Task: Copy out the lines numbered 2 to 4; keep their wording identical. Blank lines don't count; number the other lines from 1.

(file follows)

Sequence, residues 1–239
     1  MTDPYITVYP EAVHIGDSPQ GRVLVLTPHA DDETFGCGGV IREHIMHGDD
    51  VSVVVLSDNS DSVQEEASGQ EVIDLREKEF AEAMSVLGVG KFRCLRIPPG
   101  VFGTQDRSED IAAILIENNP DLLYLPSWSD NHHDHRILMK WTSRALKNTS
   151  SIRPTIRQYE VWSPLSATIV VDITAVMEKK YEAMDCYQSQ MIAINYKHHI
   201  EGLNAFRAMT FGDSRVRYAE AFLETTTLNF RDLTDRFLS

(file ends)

     1  MTDPYITVYP EAVHIGDSPQ GRVLVLTPHA DDETFGCGGV IREHIMHGDD
    51  VSVVVLSDNS DSVQEEASGQ EVIDLREKEF AEAMSVLGVG KFRCLRIPPG
   101  VFGTQDRSED IAAILIENNP DLLYLPSWSD NHHDHRILMK WTSRALKNTS